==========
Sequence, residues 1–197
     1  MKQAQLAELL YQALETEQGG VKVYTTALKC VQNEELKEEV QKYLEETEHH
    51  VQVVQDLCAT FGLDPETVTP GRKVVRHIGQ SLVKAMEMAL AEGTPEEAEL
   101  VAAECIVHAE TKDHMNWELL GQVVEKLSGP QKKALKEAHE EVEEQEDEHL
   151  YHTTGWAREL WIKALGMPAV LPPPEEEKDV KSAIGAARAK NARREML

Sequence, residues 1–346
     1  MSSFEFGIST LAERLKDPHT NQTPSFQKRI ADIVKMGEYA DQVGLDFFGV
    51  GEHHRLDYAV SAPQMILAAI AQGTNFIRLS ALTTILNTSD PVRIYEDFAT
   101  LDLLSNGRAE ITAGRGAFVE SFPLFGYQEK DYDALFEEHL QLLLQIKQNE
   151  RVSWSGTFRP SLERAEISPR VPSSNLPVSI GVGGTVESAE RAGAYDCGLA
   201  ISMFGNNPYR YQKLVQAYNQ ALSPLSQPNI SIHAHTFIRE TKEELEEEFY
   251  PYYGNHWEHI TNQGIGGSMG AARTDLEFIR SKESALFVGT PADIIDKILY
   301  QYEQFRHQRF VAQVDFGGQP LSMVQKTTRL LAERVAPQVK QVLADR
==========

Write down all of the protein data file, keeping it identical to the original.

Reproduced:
Sequence, residues 1–197
     1  MKQAQLAELL YQALETEQGG VKVYTTALKC VQNEELKEEV QKYLEETEHH
    51  VQVVQDLCAT FGLDPETVTP GRKVVRHIGQ SLVKAMEMAL AEGTPEEAEL
   101  VAAECIVHAE TKDHMNWELL GQVVEKLSGP QKKALKEAHE EVEEQEDEHL
   151  YHTTGWAREL WIKALGMPAV LPPPEEEKDV KSAIGAARAK NARREML

Sequence, residues 1–346
     1  MSSFEFGIST LAERLKDPHT NQTPSFQKRI ADIVKMGEYA DQVGLDFFGV
    51  GEHHRLDYAV SAPQMILAAI AQGTNFIRLS ALTTILNTSD PVRIYEDFAT
   101  LDLLSNGRAE ITAGRGAFVE SFPLFGYQEK DYDALFEEHL QLLLQIKQNE
   151  RVSWSGTFRP SLERAEISPR VPSSNLPVSI GVGGTVESAE RAGAYDCGLA
   201  ISMFGNNPYR YQKLVQAYNQ ALSPLSQPNI SIHAHTFIRE TKEELEEEFY
   251  PYYGNHWEHI TNQGIGGSMG AARTDLEFIR SKESALFVGT PADIIDKILY
   301  QYEQFRHQRF VAQVDFGGQP LSMVQKTTRL LAERVAPQVK QVLADR